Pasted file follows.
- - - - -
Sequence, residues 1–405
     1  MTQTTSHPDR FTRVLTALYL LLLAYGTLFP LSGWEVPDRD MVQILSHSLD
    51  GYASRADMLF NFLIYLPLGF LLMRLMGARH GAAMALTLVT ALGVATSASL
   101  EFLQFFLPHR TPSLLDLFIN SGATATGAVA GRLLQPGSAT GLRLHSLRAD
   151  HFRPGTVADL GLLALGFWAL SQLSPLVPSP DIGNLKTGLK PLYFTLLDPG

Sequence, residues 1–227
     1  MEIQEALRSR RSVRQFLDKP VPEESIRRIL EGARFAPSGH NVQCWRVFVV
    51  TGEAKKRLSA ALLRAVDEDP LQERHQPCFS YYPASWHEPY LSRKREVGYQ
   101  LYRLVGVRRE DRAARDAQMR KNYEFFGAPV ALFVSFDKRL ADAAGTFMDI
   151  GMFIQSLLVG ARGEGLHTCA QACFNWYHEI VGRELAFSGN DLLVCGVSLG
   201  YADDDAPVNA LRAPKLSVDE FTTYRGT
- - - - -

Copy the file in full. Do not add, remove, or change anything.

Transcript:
Sequence, residues 1–405
     1  MTQTTSHPDR FTRVLTALYL LLLAYGTLFP LSGWEVPDRD MVQILSHSLD
    51  GYASRADMLF NFLIYLPLGF LLMRLMGARH GAAMALTLVT ALGVATSASL
   101  EFLQFFLPHR TPSLLDLFIN SGATATGAVA GRLLQPGSAT GLRLHSLRAD
   151  HFRPGTVADL GLLALGFWAL SQLSPLVPSP DIGNLKTGLK PLYFTLLDPG

Sequence, residues 1–227
     1  MEIQEALRSR RSVRQFLDKP VPEESIRRIL EGARFAPSGH NVQCWRVFVV
    51  TGEAKKRLSA ALLRAVDEDP LQERHQPCFS YYPASWHEPY LSRKREVGYQ
   101  LYRLVGVRRE DRAARDAQMR KNYEFFGAPV ALFVSFDKRL ADAAGTFMDI
   151  GMFIQSLLVG ARGEGLHTCA QACFNWYHEI VGRELAFSGN DLLVCGVSLG
   201  YADDDAPVNA LRAPKLSVDE FTTYRGT